According to Comscore, 7 out of 10 smartphone users keep their most used apps on their home screen. Increasingly it is becoming more common for users to create folders of apps to stick them in. The primary reason for users moving the app to the home screen is because the app is used often. The implication of this is a ‘crowding out’ of apps, and that we may only use a few apps as a result. The principle of ‘out of sight, out of mind’ may cause havoc for app developers. Is there reason to click the panic button?
If you have been in the app business for a while, you know that all the action is on the first few pages for top 25 lists of the app stores. It may therefore be quite scary if the fight you just had on the app store to get discovered and downloaded now transfers to the handset and continues on an ongoing basis:
But is the way of the icon the way to go?
While the research clearly shows placement matters, the icon should be just that – an icon. The true meaning of the word refers to something that has become a widely-known symbol. It implies it has been in existence for a while, and thus represents something – something that has been built up over time and gotten known. The irony is that icons on the phone screen has become synonymous with something that is now in danger of being forgotten. But here is why we think soon it will not matter.
Icons are old school
It will probably not be a shocker to say we are not fanboys. When we started the app business, phones had stamp sized screens, and the apps – in J2ME – had to be made in gazillion versions to fit all the handsets. But the 3G market for apps was quite good. But as everyone knows, the app market became tremendous with the release of the iPhone. So, what annoys us the most about the iPhone still to this day? The fact that the iPhone has an insanely archaic and boring layout of icons. Seriously, with the amazing things you can do with Android, especially in forked versions, why on earth would you stick to this design to represent what is on the phone? The answer is simply legacy. Apple has trained us to think this is how it should be – but it is not.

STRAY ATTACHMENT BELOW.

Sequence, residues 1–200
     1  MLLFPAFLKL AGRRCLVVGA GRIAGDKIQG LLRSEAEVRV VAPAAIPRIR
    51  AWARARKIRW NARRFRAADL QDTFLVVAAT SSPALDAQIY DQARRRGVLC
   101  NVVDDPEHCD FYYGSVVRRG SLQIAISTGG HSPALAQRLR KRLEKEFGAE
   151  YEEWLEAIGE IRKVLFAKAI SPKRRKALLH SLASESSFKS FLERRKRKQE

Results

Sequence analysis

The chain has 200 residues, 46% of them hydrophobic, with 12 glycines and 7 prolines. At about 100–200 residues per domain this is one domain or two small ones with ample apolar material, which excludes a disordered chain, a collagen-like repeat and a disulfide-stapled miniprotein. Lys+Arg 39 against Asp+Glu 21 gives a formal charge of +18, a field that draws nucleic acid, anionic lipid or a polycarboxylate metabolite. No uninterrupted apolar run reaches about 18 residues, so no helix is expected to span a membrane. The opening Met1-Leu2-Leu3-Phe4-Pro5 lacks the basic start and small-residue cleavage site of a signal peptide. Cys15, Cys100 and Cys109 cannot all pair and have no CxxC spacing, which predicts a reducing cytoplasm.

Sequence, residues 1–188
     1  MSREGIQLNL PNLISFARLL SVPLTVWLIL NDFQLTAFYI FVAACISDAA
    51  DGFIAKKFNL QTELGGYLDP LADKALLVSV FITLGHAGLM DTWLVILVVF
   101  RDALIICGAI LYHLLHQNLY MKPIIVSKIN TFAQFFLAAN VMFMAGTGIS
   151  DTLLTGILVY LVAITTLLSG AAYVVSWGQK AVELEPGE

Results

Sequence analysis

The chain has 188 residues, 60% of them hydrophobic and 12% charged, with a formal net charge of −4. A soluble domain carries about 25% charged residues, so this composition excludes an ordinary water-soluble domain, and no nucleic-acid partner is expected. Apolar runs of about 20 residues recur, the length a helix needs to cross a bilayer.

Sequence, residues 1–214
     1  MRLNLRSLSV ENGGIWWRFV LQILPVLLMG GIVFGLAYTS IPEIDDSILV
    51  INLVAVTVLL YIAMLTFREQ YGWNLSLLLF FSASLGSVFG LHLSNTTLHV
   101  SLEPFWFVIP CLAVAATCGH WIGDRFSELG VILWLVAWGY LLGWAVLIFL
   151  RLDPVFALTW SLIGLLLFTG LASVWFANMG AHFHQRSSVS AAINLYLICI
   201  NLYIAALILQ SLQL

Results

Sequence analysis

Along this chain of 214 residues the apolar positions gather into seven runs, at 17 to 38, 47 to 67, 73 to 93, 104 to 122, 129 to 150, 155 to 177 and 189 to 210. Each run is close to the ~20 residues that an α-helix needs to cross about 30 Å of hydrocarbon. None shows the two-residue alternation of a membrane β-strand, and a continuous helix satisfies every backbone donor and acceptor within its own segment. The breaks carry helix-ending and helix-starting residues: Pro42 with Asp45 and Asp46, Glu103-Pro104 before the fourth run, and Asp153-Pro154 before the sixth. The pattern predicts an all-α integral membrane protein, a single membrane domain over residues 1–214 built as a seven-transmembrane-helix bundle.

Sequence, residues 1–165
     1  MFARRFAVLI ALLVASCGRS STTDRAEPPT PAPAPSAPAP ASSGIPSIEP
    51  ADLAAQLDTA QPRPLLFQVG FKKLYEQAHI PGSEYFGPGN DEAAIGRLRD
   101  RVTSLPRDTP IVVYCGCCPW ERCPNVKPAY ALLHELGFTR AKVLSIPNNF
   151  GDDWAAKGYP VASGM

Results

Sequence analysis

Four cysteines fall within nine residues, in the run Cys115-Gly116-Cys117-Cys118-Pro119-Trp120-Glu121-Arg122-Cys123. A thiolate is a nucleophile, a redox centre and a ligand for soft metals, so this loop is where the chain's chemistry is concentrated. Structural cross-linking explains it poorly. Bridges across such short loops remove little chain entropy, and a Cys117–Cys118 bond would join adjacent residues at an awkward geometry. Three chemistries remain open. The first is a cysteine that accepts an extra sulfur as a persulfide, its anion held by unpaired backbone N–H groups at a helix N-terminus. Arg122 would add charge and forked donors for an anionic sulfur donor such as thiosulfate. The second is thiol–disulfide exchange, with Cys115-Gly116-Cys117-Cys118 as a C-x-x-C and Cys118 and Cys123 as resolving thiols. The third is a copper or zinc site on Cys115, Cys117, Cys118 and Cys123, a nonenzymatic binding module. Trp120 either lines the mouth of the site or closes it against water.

Technology dictates that the end of the square is near
There are several reasons we are due for a change in how we access apps and services on the phone:
- Voice commands and assistants like Cortana, Google Now, Siri and others are increasingly getting smarter and better. It is now very easy to launch an app with your voice.
- AI and smarts in your phone should easily be able to predict what you need when. For instance, is it 730am and breakfast time? I am probably reading some news. 8pm and Sunday? Probably looking for some household stuff from Costco for the week (well, that could be me only, but you get the point).
- AR and sensors built into the phone could mean you would be operating your phone in true ‘Minority Report’ style with hand gestures etc. Heck, even biometrics could signal an app need (getting tired? Fire up the coffee app…).
The phone is already equipped with features that allow you to ensure that what you need is available when you need it. Furthermore, notifications and other features should save you from having to flip through icons to know what you want.
For developers, you will still need to spend to get discovered. However, once you are discovered your focus should be on user onboarding and engagement, and then figure out how to be top of mind for the user when they should be using your app. There is no reason to obsess about home screen placement or annoying push notifications. Instead, have notifications that are useful and relevant, and integrate with other means such as emails, reminders in other apps, or perhaps even ads reminding your app is available (and ensure the ad is shown at the right time). This involves thinking ‘beyond your app’ to engage the user.
Of course, your icon design should still be kick-ass. But the icon should and shall die in relevance.
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